Sen. Johnson says sanctions on Iran have not been successful enough

Senate Banking Committee Chairman Sen. Tim Johnson (D-S.D.) said at an oversight hearing on Tuesday that sanctions on Iran have not been successful in deterring the nation from its nuclear programs.

When the senate met two weeks prior, a unanimous vote was made for a resolution with aggressive sanctions on Iran. Four new sanctions have been added in the last three years as part of efforts to deter Iran from continuing its nuclear programs.

"These measures, coupled with those imposed by the Administration, the European Union, and the UN Security Council, have had profound effects," Johnson said. "They have slowed Iran's nuclear and missile program by restricting its access to key technologies. They have crippled Iran's economy, causing its currency to plummet and inflation to skyrocket."

Despite these successes, Johnson said Iran continues its nuclear program.

"The International Atomic Energy Agency reports that sophisticated new centrifuges being installed at Fordow and Natanz will substantially expand Iran's enrichment capabilities," Johnson said. "While the P5+1 talks have at least helped show the world Iran's unwillingness to compromise, they have not yet generated results."

Johnson explained the Supreme Leader in Iran is the sole decision-maker on Iran's nuclear program. He said it does not seem the Supreme Leader will be reversing the program, despite economic pressure. Johnson ended his statement by turning the stage over to Under Secretary of Treasury for Terrorism and Financial Intelligence David Cohen, Under Secretary of State for Political Affairs Wendy Sherman and Under Secretary of Commerce for Industry and Security Eric Hirschhorn.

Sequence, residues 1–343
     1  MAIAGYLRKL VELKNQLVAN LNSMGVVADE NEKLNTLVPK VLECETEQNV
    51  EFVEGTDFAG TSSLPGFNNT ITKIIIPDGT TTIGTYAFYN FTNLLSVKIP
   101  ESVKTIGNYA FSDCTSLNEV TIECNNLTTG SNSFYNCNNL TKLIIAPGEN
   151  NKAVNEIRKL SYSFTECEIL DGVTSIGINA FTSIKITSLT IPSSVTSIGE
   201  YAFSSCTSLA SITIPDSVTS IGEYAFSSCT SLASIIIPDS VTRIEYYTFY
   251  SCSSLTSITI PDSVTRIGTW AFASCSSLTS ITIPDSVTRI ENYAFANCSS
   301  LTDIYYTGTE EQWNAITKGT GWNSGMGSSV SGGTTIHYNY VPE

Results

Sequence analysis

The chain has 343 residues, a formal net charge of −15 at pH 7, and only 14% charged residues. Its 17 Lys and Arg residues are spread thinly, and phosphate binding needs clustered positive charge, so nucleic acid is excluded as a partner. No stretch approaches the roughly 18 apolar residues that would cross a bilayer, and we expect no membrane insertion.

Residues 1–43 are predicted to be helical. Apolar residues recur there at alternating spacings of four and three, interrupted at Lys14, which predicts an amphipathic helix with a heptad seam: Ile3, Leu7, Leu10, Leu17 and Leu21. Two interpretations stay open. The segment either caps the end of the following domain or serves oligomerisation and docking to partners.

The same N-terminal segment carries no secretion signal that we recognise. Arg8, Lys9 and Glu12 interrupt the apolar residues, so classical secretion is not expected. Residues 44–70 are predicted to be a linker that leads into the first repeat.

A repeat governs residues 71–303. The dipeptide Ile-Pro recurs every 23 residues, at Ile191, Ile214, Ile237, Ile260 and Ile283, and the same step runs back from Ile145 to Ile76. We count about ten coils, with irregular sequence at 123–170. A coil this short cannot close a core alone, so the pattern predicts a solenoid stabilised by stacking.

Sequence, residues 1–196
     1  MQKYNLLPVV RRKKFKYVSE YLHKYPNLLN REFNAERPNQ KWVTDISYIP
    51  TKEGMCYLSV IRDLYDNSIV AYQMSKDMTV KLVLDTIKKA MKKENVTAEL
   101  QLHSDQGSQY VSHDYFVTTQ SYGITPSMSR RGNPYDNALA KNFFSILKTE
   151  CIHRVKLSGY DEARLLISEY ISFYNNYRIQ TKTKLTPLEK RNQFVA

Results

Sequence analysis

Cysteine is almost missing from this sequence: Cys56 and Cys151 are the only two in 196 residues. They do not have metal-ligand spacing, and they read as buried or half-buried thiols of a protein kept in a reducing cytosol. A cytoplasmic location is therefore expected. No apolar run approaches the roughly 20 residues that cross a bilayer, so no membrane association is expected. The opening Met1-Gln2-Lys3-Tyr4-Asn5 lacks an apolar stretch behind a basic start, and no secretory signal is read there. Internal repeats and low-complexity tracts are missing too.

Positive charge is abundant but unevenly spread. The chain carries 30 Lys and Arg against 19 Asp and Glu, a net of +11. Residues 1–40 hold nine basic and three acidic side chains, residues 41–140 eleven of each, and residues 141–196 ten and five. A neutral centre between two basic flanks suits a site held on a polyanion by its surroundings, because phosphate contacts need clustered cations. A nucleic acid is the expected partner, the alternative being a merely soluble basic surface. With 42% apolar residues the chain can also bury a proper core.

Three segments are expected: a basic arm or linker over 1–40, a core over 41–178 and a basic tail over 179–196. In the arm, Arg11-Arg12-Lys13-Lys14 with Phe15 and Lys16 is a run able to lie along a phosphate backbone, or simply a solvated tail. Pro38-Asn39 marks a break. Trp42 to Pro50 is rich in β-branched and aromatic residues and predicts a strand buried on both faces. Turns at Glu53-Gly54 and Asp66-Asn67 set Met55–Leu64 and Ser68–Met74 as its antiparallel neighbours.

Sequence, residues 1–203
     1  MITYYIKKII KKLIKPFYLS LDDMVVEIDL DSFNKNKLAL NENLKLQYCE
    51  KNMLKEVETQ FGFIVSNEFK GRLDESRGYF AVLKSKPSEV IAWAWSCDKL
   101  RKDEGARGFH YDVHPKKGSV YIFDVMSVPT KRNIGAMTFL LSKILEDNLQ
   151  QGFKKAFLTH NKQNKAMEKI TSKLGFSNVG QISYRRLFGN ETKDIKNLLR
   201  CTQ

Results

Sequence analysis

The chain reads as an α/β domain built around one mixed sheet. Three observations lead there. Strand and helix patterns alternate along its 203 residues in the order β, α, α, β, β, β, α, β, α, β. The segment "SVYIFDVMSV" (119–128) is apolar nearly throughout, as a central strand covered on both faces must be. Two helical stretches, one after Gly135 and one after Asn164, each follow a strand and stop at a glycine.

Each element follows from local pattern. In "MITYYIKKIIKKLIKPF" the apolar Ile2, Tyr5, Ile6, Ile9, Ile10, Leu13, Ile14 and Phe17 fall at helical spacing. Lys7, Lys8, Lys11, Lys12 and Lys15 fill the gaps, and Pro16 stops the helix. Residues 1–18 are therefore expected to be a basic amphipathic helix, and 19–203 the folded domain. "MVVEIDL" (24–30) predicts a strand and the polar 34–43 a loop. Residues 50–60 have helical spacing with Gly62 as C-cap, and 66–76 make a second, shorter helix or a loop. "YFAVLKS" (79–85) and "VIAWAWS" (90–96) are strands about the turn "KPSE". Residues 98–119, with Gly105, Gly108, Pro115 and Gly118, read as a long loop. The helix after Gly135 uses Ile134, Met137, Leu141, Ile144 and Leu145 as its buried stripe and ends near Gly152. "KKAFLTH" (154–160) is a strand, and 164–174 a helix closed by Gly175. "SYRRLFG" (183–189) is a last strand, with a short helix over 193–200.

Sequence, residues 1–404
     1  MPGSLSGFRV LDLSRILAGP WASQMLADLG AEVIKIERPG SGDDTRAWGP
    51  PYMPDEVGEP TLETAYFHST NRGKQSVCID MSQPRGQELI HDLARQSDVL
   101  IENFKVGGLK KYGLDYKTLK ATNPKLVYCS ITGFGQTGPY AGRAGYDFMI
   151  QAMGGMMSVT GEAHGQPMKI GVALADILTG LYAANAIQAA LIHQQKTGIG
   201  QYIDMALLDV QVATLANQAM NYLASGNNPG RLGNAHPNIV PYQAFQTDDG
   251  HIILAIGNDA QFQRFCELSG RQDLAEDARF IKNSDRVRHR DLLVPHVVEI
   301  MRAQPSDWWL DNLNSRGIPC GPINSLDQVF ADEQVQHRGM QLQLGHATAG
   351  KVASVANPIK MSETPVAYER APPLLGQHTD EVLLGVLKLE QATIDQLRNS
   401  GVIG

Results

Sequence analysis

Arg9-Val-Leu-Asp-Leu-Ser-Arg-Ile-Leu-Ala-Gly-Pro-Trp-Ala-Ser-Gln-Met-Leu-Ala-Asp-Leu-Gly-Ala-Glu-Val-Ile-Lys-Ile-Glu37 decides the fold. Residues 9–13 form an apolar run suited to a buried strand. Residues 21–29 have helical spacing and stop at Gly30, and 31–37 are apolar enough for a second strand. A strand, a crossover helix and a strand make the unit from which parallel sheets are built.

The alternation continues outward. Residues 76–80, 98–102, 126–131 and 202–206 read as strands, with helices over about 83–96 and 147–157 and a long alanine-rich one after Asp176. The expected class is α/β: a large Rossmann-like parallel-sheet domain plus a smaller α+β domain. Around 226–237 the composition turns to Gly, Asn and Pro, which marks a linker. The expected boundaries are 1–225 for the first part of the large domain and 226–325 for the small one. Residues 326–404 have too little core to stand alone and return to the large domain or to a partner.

"In their testimony and the question period, I hope they will highlight what sanctions are working, what additional measures are needed that could garner the broad support of the international community and preserve the unity of our coalition - a unity the Administration has worked very hard to preserve - and what challenges we continue to face in successfully implementing a strategy that will finally compel Iran to abandon its illicit nuclear activities," Johnson said.